Some casual observers of Aikido demonstrations launch the criticism that it looks
choreographed. In fact, this is not usually the case in such demonstrations. The harmonious flow between attacker and defender is largely due to the attacker being adept at the art of ukemi (i.e., taking the fall).
During my introductory remarks at Southland Aikido’s recent Open House, I described the art of ukemi as “the other half of Aikido.” Indeed, becoming proficient in ukemi is a challenging and long-term training process for most students. First, he or she must learn the basic ukemi techniques – forward rolls, back rolls, side rolls, break falls, taking various wrist locks, etc. While these techniques are the most visible part of ukemi, they are not the essence of it. The essential, but less obvious, aspect of ukemi occurs after the attack is launched and before the fall.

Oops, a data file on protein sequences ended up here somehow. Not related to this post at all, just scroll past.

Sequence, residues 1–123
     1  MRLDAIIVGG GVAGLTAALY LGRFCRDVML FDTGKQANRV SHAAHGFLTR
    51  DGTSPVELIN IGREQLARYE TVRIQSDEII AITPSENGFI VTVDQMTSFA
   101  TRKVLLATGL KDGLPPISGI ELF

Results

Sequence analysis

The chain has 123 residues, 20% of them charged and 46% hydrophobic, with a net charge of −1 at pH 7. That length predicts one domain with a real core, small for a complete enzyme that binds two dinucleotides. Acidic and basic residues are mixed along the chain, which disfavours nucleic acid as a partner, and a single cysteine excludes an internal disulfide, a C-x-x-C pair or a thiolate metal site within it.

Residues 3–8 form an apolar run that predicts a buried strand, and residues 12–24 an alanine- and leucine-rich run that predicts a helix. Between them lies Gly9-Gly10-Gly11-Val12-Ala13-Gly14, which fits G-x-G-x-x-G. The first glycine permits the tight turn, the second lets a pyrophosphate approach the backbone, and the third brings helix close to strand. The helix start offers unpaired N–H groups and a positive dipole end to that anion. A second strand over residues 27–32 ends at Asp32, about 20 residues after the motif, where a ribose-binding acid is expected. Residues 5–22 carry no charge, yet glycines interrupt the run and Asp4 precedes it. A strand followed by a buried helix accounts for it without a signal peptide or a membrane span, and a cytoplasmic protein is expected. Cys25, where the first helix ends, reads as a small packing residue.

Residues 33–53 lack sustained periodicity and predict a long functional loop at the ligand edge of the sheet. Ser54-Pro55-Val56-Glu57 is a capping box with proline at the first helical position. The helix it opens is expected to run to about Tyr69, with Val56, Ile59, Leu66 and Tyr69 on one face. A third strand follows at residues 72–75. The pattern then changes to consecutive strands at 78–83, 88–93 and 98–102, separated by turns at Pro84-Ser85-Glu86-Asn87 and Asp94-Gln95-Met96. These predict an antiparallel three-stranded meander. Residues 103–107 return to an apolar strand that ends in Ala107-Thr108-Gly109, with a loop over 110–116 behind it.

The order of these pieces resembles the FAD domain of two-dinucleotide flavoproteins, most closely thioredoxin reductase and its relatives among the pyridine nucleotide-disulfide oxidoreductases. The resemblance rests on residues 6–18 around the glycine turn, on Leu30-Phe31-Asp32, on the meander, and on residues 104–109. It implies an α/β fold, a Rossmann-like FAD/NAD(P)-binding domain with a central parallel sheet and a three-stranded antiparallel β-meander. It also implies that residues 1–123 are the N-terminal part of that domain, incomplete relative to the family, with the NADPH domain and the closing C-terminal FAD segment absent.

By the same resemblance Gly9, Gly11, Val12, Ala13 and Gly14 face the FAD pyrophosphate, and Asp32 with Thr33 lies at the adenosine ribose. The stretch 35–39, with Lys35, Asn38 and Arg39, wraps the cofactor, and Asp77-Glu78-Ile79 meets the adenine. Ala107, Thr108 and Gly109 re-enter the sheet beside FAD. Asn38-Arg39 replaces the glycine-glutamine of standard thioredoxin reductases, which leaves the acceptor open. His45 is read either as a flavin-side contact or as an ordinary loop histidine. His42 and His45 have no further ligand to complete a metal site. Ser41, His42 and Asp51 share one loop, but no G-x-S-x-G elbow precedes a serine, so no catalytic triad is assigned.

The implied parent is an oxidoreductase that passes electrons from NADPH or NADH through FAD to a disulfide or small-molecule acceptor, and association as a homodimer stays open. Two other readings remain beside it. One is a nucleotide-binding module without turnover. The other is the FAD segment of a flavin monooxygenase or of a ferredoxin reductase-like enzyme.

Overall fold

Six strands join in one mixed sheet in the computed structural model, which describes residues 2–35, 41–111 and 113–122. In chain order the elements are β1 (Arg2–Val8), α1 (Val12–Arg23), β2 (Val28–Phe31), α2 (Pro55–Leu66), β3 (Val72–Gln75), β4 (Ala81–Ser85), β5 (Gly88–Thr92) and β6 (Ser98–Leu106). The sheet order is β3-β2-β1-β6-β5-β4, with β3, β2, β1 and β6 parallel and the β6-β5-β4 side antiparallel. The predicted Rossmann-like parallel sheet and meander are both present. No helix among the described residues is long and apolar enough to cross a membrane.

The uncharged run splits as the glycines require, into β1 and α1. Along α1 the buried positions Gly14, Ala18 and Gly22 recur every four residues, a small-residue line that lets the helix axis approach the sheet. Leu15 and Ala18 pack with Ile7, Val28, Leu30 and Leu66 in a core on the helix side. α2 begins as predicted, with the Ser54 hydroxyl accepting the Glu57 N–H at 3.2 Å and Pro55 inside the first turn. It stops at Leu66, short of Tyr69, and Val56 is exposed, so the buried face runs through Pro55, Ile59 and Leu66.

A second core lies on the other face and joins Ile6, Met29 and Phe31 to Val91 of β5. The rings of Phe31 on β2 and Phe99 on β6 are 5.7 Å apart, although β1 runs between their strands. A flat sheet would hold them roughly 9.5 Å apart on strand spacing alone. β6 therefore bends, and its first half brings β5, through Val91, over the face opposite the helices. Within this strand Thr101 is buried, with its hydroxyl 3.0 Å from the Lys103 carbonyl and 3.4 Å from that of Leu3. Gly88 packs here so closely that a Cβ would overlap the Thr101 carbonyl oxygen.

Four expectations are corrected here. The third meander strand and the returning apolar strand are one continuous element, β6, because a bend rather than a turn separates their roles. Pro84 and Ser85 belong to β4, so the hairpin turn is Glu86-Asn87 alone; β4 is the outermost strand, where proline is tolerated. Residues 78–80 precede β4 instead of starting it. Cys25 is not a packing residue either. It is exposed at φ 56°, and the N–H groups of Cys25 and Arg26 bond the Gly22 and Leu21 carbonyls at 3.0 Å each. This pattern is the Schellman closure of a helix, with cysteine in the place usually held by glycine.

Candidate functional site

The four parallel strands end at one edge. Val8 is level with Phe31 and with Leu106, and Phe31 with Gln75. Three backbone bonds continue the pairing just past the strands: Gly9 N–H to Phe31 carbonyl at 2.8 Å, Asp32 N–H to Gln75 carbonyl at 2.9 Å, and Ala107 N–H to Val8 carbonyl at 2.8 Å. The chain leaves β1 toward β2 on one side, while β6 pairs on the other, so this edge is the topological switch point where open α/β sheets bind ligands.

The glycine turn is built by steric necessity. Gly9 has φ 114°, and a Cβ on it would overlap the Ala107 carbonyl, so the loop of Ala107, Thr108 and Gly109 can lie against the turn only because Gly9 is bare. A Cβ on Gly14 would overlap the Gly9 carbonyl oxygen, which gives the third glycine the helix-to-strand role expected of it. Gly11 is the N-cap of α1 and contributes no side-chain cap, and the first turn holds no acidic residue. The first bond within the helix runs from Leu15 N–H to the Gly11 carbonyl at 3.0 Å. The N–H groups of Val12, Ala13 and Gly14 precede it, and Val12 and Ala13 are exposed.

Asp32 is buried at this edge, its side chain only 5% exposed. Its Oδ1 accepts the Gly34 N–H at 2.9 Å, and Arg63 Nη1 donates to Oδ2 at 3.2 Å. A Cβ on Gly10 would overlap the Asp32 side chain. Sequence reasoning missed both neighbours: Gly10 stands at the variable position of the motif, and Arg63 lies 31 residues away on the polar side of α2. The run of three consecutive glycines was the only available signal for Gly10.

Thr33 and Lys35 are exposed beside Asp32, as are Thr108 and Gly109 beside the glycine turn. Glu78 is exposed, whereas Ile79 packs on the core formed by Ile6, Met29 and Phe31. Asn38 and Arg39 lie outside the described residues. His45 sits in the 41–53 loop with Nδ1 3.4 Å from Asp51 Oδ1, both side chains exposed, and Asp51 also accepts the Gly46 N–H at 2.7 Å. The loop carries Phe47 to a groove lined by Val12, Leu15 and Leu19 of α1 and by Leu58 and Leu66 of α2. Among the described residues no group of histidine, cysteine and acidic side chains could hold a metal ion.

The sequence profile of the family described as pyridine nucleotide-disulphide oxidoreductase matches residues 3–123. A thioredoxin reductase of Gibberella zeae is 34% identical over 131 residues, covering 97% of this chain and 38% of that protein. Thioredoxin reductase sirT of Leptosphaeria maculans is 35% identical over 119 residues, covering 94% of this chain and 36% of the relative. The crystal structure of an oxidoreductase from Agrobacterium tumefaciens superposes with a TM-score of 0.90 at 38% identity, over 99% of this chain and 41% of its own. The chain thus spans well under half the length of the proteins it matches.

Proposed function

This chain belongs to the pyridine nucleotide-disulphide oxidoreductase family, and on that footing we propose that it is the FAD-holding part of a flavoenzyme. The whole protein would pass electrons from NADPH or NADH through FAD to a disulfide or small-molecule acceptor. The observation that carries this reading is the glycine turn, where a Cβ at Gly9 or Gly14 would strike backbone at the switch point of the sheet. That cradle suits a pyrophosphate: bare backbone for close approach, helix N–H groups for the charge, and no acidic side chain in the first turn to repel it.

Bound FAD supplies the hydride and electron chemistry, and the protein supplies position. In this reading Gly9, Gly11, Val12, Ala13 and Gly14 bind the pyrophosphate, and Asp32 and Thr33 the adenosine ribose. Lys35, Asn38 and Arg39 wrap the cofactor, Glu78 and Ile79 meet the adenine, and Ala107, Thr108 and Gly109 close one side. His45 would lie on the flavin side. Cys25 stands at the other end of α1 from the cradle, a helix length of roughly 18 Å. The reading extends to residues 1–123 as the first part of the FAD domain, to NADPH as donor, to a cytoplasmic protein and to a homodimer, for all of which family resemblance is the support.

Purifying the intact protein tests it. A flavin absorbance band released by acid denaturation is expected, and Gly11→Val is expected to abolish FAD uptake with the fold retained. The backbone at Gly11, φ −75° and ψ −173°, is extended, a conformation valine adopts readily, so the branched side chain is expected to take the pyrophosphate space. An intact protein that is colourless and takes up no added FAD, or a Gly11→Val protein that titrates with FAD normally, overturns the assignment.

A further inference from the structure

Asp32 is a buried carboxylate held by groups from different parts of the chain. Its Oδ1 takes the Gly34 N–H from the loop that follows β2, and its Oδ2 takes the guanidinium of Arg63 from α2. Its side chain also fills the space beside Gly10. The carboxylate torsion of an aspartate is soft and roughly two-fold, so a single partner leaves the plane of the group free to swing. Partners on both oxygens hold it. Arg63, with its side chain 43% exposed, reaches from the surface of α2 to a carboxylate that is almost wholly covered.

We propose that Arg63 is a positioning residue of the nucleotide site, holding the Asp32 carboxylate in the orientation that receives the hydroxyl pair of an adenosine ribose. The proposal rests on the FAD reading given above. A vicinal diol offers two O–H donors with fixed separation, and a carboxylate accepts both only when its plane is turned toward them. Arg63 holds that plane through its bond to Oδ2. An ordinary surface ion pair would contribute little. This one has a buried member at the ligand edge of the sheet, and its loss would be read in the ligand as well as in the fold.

During this phase of ukemi, the uke (i.e., faller) must move in a way that puts him or her in the best position to take the fall or lock and pin. This requires following the forces generated by the nage (i.e., thrower) while maintaining as much self-control as possible. As nage’s role is to break uke’s posture and balance and control uke’s movement, the effort to maintain some self-control by uke must be done without becoming stiff or resistant; otherwise, he or she will not end up in the proper position to take nage’s technique and is at higher risk of injury. Thus, becoming proficient in ukemi is not only a desirable skill, but it is also important for injury prevention.
In standard routine partner practice both nage and uke know what the attack is and the
corresponding defensive technique. In this “choreographed” practice both partners are learning their respective roles, usually with many repetitions and alternating roles within a single practice session. Both partners benefit in their skill development from this process. However, in jiu waza (i.e., free technique) training or in most public demonstrations, uke does not know what defensive technique nage will employ against his or her attack. In these scenarios the ukemi skills developed during hundreds-of-hours of partner practice facilitate uke’s movement in a way that optimizes the ultimate ukemi technique. As Aikido is about harmonizing with the other’s energy, the technique of both partners is enhanced by skilled ukemi.
Jim Graves, Chief Instructor